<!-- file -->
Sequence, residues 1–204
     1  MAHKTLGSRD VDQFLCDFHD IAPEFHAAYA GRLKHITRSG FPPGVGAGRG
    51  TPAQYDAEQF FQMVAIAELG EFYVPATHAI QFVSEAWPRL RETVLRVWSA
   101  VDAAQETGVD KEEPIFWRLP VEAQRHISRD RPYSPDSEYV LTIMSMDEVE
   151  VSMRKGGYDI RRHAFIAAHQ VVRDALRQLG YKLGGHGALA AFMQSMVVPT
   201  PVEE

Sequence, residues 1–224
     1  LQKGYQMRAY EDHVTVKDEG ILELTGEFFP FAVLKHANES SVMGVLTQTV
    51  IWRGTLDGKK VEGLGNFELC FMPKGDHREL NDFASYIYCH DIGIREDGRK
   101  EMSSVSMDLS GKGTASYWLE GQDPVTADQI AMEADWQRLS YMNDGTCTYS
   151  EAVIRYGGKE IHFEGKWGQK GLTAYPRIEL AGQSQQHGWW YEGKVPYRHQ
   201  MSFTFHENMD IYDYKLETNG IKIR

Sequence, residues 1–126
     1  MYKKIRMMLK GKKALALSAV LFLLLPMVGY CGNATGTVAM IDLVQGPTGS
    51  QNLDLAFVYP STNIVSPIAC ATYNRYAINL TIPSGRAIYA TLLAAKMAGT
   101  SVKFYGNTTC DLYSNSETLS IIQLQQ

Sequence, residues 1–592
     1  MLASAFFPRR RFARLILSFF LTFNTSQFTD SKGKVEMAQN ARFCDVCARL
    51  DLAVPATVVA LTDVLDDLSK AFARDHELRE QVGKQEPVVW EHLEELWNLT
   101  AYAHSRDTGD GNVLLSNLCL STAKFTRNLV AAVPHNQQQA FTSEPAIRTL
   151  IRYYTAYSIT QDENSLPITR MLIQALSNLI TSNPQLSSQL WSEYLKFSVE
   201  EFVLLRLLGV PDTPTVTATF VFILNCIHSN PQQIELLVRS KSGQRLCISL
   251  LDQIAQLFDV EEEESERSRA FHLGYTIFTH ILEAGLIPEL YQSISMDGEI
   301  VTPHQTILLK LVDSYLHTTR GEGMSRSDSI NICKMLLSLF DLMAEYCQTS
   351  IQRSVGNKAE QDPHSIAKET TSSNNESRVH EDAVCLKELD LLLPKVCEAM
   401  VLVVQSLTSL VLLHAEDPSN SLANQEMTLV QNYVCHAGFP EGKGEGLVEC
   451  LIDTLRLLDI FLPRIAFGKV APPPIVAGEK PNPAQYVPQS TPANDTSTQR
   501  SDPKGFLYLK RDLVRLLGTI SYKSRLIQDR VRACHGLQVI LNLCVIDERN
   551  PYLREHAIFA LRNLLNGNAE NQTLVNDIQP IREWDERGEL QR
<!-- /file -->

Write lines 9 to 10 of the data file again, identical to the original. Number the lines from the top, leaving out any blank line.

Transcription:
    51  IWRGTLDGKK VEGLGNFELC FMPKGDHREL NDFASYIYCH DIGIREDGRK
   101  EMSSVSMDLS GKGTASYWLE GQDPVTADQI AMEADWQRLS YMNDGTCTYS